The ways in which clinicians, such as NPs, communicate with patients could impact patients’ willingness to engage with mental health treatment.1 For this study, treatment engagement referred to how patients initiate, maintain, and participate in treatments such as pharmacotherapy and psychotherapy. A better understanding of the communication factors contributing to disparities in treatment engagement could help reduce those disparities and aid clinicians in using a more culturally appropriate approach to interacting with ethnic/minority populations.1
Why was the research needed?
Racial/ethnic minority populations with mental health needs have low treatment engagement rates compared with majority populations, including a 20% to 50% lower likelihood of initiating mental health treatment, a 40% to 60% lower likelihood of filling prescriptions, and a 40% to 80% increased likelihood of early treatment discontinuation.1 When patients with mental illness do not fully engage in treatment, they may experience symptom exacerbation and rehospitalization.2
Studies have shown that clinicians can improve their communication styles with patients of racial/ethnic minority status. As it stands now, they may involve these patients less in treatment decision making, struggle to build rapport, and fail to ask patients about their cultural views and treatment preferences.1 A comprehensive assessment of these issues could help clarify the specific ways in which clinicians’ communication styles affect patient engagement and thus potentially inform needed changes.
What did the researchers do?
The authors performed a systematic literature review that included searching 5 databases (i.e., PubMed, PsychInfo, Embase, CINAHL, and the Cochrane Library) for published literature from inception through November 2014. Secondly, they searched cultural mental health and social science journals by hand, as well as reviewed grey literature databases indexing health publications .1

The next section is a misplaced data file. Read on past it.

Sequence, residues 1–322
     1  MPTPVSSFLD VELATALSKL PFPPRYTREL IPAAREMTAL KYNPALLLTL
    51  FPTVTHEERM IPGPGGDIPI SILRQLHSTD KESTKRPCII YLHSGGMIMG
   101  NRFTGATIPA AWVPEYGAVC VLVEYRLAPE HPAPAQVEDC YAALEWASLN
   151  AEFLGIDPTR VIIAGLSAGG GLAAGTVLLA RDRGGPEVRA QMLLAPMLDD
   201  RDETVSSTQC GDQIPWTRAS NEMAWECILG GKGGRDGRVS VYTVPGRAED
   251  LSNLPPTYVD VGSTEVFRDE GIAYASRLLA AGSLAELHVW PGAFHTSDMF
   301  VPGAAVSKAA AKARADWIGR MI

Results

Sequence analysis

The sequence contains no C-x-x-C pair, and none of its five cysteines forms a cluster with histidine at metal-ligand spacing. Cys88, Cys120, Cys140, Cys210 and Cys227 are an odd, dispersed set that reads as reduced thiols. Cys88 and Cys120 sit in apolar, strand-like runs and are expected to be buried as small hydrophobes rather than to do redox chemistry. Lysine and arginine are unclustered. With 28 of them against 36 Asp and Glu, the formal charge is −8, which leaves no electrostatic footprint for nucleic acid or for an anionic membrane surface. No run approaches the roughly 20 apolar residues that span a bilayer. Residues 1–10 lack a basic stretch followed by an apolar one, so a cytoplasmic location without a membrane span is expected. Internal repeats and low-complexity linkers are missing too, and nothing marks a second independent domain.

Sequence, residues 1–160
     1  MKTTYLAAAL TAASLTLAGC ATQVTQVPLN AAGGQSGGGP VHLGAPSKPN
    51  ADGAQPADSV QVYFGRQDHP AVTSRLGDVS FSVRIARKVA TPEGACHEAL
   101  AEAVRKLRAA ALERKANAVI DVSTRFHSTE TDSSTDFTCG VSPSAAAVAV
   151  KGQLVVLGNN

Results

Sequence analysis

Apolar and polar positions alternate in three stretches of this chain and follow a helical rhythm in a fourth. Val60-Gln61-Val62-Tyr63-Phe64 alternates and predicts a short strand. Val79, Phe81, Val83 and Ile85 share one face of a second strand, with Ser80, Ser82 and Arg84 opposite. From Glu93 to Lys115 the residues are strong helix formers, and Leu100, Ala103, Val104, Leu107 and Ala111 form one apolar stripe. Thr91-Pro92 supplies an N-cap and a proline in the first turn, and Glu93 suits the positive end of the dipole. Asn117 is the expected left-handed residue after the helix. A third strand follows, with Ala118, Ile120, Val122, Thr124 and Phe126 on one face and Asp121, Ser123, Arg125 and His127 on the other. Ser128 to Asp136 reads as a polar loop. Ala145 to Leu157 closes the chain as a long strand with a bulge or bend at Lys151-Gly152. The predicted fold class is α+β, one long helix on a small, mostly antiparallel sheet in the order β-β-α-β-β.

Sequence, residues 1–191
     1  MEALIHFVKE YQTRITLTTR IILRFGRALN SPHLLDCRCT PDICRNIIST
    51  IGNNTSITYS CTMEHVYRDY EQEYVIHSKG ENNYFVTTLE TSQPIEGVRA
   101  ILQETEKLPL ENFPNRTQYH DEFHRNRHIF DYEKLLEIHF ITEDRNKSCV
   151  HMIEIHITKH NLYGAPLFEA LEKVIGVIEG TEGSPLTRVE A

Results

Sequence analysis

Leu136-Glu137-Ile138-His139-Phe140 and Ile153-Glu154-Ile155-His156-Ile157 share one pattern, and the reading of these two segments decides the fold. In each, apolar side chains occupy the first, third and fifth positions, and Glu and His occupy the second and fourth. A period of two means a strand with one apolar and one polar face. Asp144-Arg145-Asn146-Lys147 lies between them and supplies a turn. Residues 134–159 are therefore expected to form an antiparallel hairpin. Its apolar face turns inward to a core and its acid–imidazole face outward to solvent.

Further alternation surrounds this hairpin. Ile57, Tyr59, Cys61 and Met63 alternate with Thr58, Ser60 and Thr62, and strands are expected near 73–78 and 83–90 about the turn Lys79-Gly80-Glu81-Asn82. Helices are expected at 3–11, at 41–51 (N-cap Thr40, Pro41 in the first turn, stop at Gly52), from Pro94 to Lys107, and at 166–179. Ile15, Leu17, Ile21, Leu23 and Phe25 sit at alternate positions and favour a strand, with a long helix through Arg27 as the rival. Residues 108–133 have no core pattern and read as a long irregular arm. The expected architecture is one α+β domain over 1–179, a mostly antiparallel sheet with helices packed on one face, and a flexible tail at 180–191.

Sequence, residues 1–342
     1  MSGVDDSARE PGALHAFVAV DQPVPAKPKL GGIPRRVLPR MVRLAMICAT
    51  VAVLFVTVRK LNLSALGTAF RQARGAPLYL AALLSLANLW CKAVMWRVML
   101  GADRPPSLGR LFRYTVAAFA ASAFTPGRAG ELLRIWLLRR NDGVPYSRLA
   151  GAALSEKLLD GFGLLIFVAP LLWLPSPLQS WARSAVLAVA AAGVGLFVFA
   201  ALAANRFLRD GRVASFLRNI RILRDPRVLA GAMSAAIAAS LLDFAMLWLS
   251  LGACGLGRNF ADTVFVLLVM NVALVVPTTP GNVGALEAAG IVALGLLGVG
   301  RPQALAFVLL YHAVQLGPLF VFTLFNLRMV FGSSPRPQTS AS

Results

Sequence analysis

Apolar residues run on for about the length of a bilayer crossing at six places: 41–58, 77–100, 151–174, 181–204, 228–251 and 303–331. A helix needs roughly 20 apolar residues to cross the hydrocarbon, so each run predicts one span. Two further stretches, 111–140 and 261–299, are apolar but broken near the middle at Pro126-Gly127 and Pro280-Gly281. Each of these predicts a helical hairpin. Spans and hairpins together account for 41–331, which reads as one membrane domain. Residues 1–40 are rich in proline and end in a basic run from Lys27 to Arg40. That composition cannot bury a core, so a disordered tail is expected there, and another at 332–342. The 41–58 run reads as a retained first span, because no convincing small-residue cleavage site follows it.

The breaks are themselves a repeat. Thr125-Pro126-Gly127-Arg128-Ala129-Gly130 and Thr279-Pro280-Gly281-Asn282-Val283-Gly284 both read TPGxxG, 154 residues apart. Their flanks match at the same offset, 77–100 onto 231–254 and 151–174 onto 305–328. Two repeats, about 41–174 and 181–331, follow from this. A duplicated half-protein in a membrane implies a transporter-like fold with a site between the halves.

Articles were screened and analyzed to examine the content of patient-clinician interactions (e.g., the patient’s cultural interpretation of the illness and treatment) and the context of those interactions (e.g., the clinician’s behavior toward the patient). Information about treatment engagement was coded in a database and categorized according to whether it referred to treatment initiation, treatment participation, or treatment continuation.1
The authors developed a framework to assess the quality of communication reported in each study, in 4 key areas, as shown in the table below.1
Framework for the Quality Assessment of Articles Reviewed
|Reporting||External Validity ||Internal Validity ||Study Design |
|The degree to which the study clearly reported its aims, sample, outcomes, and findings. ||Whether the sample they studied was representative of the entire population from which the sample was recruited. ||Whether the study used appropriate and reliable tests to measure cross-cultural communication and treatment engagement. ||The degree to which the study was able to report on causal relationships among the variables studied. |
What were the main results of the study?
The authors identified 23 studies that met their inclusion criteria. Of these, 12 were U.S. studies, 6 were Australian, 3 were from the United Kingdom, 1 was from Spain, and 1 was from multiple countries in Europe. Findings regarding the 3 categories of treatment engagement are described below.1
Treatment initiation results
Analysis of 15 studies with communication content affecting treatment initiation revealed the most common reason for delayed initiation was patient beliefs that the mental health system/treatments could not help them. Other studies suggested that some patients also delayed initiating treatment because they attributed their mental illness to somatic causes. Stigma was the third reason found for delaying treatment.
Regarding contexts of communication that affected treatment initiation, 2 studies among Black women and Asian American individuals found patients delayed treatment initiation when they had concerns that the clinician was of a different ethnicity and would not understand their cultural needs or perspectives.
Treatment participation results
Analysis of 18 studies with communication content affecting treatment participation revealed patients commonly felt uncomfortable talking about their emotions during treatment when they viewed their clinician as a stranger.